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Pakistan

Parents shocked by judges' comments in Pakistan child bride case

Justices say marriage of 'abducted' Catholic girl is valid under Sharia law if she has had her first period

UCA News reporter, Karachi

UCA News reporter, Karachi

Updated: February 06, 2020 06:14 AM GMT
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Parents shocked by judges' comments in Pakistan child bride case

Huma Younus was allegedly abducted from her home, taken to neighboring Punjab province, converted to Islam and forced to marry her Muslim captor. (Photo supplied)

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Parents of a teenage Pakistani Catholic girl have expressed their shock after judges said the forced marriage of their underage daughter was valid under Sharia law.

Huma Younus, 14, a resident of Karachi’s Zia Colony, was allegedly abducted from her home, taken to neighboring Punjab province, converted to Islam and forced to marry her Muslim captor.

Huma’s parents filed a petition with Sindh High Court seeking annulment of the marriage under the Child Marriage Restraint Act. The matter was heard by a two-member bench on Feb. 3.

Justices Muhammad Iqbal Kalhoro and Irshad Ali Shah, hearing the petition, observed that the marriage between Huma and her alleged abductor, Abdul Jabbar, would be considered valid under Islamic Sharia law if she had already had her first menstrual cycle.

The court gave the police more time to determine the age of the Catholic girl and adjourned the hearing until March 4.

“We were expecting to see our daughter at the court hearing. We haven’t seen her since her abduction on Oct. 14. We also hoped that the honorable court would deliver justice and hand us the custody of our daughter,” Younus Masih, the girl's father, told UCA News.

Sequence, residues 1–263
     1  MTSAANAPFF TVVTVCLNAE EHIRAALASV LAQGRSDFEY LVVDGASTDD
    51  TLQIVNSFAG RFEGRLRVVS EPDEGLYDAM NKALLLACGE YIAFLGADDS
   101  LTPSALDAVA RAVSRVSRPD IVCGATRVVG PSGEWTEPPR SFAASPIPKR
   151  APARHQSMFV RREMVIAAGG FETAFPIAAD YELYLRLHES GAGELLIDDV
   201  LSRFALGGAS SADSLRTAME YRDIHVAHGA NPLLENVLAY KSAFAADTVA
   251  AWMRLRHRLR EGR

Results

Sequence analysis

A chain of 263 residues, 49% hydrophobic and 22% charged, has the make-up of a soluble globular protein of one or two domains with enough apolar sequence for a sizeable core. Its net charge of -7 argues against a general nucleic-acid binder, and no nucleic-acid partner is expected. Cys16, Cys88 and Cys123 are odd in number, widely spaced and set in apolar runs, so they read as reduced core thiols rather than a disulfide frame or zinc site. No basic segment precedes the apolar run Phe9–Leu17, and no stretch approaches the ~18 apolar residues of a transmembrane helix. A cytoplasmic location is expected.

“We also provided documentary evidence including a Catholic baptismal certificate and testimony from her school purporting to show she is 14 years old, born on May 22, 2005.

“We were in a state of shock when the judges did not consider our evidence and referred to Sharia law to justify the marriage.” 

Nagina, the girl's mother, said there is no justice for minorities in Pakistan, where they are not treated equally. “It really broke my heart after hearing the judges' remarks,” she said.

Father Saleh Diego, vicar general of Karachi Archdiocese and director of the National Commission for Justice and Peace, noted that abductions and forced marriages involving minority girls were well documented by independent rights groups.

“A few months back, even Prime Minister Imran Khan took notice of the abduction of two Hindu minors in Sindh,” he said.

Tabassum Yusuf, Huma’s lawyer, is still hopeful for justice from the high court. “We will approach the Supreme Court if the need arises and go to any length to receive justice,” she said.

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